Perhaps you forgot your login details and you request a password reset. Amazon will send you an OTP through your registered email address to confirm you are actually the one making the changes.
If you get a One-Time Password from Amazon when you didn’t order any item or try to alter your account information, it’s likely someone else is trying to gain access to your account.
In some cases, though, it could be that someone in your household ordered an item from your Amazon account.
In any case, the content of the email will include a six-digit number that must be used to authenticate account information update or transaction.
No changes can occur on your account unless you enter the six-digit number. Also, the delivery cannot happen if you don’t read the OTP to the agent or enter it into their device.
What Should I Do If I Receive an OTP When I Didn’t Do Anything?
You should change your Amazon account password right away if you received an Amazon OTP when you didn’t attempt to make changes to your account or order any item.
Most likely, someone is trying to guess your password and you shouldn’t let that happen.
If you use the old password on any sites apart from Amazon, consider changing them too. This is particularly important if your personal details (such as bank account information) are on any of those websites.
Lastly, but very importantly, it is a good idea to raise a case with Amazon so that they investigate the issue as quickly as possible.
How to Identify an OTP Email from Amazon
An Amazon OTP is definitely legit and trustworthy.
However, you need to be sure the OTP message is from Amazon. But how do you know for sure that a series of random numbers is actually from Amazon?
There are a few ways to know whether an email, text message, webpage, or even a phone call is from Amazon.
- First, if you receive any correspondence from Amazon, it will most definitely come from the company’s official address. Many people who fall victim to phishing emails claiming to be from Amazon only look for “amazon.com” in the address line. But anyone can use that in their address line. To know a legitimate Amazon address, look closely and you will notice a dot (.) before “amzon.com” (for example, “bounces.amazon.com”).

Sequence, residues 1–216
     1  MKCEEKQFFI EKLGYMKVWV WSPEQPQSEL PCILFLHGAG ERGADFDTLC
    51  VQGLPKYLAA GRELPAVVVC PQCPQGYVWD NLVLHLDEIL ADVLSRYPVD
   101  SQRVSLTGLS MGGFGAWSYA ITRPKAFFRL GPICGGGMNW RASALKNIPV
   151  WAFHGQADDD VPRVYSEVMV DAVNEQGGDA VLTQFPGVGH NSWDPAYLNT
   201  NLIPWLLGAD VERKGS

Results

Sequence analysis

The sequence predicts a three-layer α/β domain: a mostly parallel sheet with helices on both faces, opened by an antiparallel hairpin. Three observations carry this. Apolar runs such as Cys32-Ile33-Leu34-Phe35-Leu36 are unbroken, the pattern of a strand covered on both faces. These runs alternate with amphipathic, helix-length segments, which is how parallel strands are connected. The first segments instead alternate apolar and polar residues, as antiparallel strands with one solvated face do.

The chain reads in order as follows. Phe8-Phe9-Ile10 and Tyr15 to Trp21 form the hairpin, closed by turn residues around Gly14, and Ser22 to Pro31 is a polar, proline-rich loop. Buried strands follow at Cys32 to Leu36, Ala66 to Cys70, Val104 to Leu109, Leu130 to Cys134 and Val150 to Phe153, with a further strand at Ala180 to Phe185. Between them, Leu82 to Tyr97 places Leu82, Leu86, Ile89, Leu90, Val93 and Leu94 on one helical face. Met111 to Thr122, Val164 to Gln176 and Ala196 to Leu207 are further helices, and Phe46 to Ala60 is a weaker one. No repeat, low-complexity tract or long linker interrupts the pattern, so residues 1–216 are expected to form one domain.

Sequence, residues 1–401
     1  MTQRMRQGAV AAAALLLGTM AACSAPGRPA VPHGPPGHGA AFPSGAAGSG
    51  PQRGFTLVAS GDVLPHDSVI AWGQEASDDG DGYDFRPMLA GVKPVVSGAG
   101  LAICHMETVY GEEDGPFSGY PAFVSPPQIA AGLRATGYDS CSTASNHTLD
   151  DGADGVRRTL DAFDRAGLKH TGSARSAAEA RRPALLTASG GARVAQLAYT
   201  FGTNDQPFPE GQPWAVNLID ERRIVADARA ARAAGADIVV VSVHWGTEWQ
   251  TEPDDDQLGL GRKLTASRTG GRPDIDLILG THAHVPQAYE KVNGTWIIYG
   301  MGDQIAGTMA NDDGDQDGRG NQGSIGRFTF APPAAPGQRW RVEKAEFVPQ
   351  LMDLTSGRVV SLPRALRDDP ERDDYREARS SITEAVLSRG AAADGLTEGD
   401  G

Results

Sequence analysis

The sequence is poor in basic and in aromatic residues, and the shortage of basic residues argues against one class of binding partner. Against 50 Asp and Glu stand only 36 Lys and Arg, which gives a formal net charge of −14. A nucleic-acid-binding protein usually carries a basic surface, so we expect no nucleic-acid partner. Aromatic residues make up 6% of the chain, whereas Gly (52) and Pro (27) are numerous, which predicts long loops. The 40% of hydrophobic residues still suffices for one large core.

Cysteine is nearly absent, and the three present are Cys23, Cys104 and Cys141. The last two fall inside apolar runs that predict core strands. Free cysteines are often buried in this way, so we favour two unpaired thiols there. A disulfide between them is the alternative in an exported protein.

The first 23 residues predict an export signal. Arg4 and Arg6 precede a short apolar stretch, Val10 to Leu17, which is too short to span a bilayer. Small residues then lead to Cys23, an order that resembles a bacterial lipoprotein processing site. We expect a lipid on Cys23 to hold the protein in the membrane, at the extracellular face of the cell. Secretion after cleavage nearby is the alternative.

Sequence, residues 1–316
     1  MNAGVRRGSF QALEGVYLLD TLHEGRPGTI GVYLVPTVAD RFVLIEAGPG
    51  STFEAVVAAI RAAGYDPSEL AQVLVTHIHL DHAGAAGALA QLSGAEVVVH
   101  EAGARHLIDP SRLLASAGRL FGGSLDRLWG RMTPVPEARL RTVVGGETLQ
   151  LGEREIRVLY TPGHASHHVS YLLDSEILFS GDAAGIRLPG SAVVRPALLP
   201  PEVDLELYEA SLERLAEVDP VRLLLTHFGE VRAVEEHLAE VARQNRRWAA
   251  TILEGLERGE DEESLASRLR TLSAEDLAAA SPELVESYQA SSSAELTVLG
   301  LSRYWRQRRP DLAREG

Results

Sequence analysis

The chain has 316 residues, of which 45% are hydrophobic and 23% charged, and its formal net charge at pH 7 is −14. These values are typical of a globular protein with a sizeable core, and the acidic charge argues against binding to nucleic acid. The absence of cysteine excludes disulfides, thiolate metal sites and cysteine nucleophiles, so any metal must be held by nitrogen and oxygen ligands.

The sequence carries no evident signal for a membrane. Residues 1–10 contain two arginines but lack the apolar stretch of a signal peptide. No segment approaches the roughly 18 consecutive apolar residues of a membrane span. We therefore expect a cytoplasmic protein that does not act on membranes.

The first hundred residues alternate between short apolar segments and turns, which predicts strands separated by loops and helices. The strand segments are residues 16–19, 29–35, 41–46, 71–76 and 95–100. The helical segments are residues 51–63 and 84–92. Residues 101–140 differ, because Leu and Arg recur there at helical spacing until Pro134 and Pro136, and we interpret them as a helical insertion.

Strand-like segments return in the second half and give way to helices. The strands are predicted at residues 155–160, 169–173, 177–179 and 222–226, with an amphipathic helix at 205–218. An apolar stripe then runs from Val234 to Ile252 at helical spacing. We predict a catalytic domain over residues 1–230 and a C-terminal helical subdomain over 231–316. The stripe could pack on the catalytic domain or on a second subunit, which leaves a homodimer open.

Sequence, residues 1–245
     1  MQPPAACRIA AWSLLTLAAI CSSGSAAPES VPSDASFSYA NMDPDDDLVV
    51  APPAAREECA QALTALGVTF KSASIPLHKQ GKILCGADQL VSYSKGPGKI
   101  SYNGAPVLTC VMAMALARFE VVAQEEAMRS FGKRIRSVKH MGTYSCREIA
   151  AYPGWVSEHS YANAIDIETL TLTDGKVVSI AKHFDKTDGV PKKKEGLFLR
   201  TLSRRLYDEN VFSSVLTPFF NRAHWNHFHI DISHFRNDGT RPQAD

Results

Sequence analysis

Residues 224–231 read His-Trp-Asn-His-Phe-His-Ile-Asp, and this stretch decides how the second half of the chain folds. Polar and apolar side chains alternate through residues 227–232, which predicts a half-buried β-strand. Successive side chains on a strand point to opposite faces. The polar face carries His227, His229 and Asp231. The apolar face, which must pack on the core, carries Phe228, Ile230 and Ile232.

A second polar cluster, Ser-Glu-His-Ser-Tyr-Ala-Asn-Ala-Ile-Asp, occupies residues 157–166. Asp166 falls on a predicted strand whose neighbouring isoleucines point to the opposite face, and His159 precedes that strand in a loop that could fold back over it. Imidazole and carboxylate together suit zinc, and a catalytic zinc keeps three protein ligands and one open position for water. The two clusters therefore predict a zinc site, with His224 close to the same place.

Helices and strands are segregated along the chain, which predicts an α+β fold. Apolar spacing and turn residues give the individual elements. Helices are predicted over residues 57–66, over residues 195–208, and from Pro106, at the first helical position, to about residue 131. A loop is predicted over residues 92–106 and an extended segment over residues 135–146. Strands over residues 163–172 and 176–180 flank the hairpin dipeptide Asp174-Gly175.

- Also, an OTP email from Amazon will always tell you never to share your code with anyone – not its staff, customer service team, or agents. In fact, the email will never ask for any personal information for that matter! You are likely dealing with a scammer if you get an email claiming to come from Amazon and requesting any personal information, such as credit card details, bank information, an account password, or even asking for your OTP.
- Amazon is a first-rate company with an international reputation, so it makes sense that any email coming from the company is completely error-free. You may be looking at a phishing email if you find grammatical errors or typos in an email supposedly from Amazon.
- Amazon doesn’t send links or attachments in emails. The company will never send you an email prompting you to install any software on your phone or computer. Email messages asking you to click a link or download a program are usually cheap scams looking to clone or hack your device. Disregard them and change your password.
Do not panic if you have already clicked a link or opened an attachment in any email claiming to be from Amazon.
You can still do something about it.
- First, change your password immediately.
- Next, enable Two-Step Verification for your account. This will increase the security level of your Amazon account.
- Lastly, report the spoofed email to Amazon by forwarding it to firstname.lastname@example.org.
An Amazon OTP obviously serves more than one purpose. It allows you to authenticate transactions and account changes and also notifies you if something is off.
If you get any of these messages from Amazon, it is in your best interest not to divulge the code to anyone else unless you trust the person 100%.
An OTP number is sent to you by Amazon to protect your account and authenticate package deliveries. That means you can use the platform with more confidence.